Corruption Scandals and Political Crises: The 'Free Press' and Democracy in Italy

34 Pages Posted: 17 Jun 2013

See all articles by Paul D. Kenny

Paul D. Kenny

Australian National University (ANU)

Michele Crepaz

Trinity College (Dublin)

Date Written: 2012


In this paper we illustrate the politicized role of the media through an analysis of Italy’s political crisis of the early 1990s. We show that the political affiliations of media outlets correlates with very different patterns of coverage of Italy’s corruption scandal. Even predating Silvio Berlusconi’s entry into the television media market, the politicization of the media is evident. We then look at some broader comparative evidence on the role of the media in democracy to suggest that media bias is systematic in democracies and that expectations of a balancing out of these biases is misplaced.

Corruption scandals are often cited as a major cause of the demise of political parties or, in extreme cases, even whole party systems. Chang, Golden, and Hill developed this argument in the case of the collapse of the Italian First Republic. The DC and with it the Italian First Republic were erased from the political map by 1994. The interpretation given to these events by Chang et al. is that through its watchdog role, the media constrained the abuse of power and cleansed Italian democracy of its corruption (even if temporarily). But how accurate is this interpretation, both in terms of the specifics of the Italian case and in terms of the general relationship between the media and democracy? In the Italian case, many details of the story are accurate. However, the conclusion drawn from this raw data is misleading. Chang et al. treat the media’s discovery and publicization of political corruption as exogenous to the dynamics of the Italian party system. However, the Italian media’s revelations of the Tangentopoli scandal cannot be treated in this way. This reinterpretation raises a problem for our understanding of the relationship between the media and democracy more generally. It is simply naïve to assume that the media is an impartial purveyor of information. Rather, the media is better seen as the mouthpiece of other political agents.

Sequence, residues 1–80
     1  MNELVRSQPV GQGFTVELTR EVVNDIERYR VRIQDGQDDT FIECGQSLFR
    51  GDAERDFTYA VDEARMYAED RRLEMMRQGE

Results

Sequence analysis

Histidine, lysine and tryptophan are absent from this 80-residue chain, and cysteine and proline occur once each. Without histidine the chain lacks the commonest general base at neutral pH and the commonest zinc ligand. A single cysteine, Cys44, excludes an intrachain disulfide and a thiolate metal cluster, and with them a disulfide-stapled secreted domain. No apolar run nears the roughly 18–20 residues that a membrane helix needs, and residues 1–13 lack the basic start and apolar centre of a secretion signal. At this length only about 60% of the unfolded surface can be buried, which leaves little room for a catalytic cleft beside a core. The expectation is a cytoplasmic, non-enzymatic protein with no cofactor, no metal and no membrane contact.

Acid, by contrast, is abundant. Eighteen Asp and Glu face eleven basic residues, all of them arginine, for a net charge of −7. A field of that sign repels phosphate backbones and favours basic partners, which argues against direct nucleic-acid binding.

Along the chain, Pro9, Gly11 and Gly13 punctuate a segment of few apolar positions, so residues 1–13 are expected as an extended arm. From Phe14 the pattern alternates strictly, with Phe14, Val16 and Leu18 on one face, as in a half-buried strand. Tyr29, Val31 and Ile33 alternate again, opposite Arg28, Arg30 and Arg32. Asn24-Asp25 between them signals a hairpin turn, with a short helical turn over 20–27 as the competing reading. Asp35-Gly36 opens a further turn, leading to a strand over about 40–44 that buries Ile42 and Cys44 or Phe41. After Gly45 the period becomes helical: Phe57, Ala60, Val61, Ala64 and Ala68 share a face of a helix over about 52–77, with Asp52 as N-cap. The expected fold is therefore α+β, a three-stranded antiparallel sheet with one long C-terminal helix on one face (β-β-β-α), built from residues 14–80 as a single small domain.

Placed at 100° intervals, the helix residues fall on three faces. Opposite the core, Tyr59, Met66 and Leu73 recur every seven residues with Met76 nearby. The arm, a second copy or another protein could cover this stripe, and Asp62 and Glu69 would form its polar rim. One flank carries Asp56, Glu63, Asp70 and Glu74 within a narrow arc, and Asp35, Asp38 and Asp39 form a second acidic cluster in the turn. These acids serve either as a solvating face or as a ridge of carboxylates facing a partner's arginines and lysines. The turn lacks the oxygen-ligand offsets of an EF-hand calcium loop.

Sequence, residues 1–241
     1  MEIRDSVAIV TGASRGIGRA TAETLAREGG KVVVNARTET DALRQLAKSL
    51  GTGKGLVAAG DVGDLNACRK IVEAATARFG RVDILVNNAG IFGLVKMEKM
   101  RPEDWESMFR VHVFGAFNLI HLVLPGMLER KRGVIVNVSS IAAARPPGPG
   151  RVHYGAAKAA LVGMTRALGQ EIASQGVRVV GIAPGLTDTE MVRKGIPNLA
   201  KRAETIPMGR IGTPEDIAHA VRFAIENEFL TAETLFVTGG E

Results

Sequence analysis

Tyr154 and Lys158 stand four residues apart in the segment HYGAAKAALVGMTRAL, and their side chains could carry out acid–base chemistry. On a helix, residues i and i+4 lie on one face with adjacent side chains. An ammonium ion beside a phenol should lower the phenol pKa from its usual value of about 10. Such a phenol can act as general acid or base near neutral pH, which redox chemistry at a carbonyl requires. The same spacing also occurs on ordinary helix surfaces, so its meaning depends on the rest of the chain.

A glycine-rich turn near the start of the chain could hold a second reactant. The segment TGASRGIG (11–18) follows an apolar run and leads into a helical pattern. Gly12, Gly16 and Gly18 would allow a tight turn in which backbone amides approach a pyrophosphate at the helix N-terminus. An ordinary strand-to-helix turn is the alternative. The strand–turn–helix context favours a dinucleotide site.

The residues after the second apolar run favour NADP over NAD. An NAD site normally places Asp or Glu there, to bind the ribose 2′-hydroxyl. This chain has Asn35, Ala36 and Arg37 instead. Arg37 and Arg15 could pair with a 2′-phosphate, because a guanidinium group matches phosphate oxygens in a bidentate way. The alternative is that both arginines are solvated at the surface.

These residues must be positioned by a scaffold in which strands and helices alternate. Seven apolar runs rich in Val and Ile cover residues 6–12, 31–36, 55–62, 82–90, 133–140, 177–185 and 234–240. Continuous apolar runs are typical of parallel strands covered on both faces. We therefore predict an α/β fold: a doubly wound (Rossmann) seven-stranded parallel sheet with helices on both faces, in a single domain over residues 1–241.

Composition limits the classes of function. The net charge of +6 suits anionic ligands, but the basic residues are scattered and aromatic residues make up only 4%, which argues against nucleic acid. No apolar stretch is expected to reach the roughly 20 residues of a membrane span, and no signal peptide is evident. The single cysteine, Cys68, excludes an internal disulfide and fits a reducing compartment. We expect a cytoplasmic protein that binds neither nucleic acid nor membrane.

Suggested Citation

Kenny, Paul D. and Crepaz, Michele, Corruption Scandals and Political Crises: The 'Free Press' and Democracy in Italy (2012). EPSA 2013 Annual General Conference Paper 73, Available at SSRN:

Paul D. Kenny (Contact Author)

Australian National University (ANU) ( email )

Canberra, Australian Capital Territory 2601


Michele Crepaz

Trinity College (Dublin) ( email )

2-3 College Green
Dublin, D2

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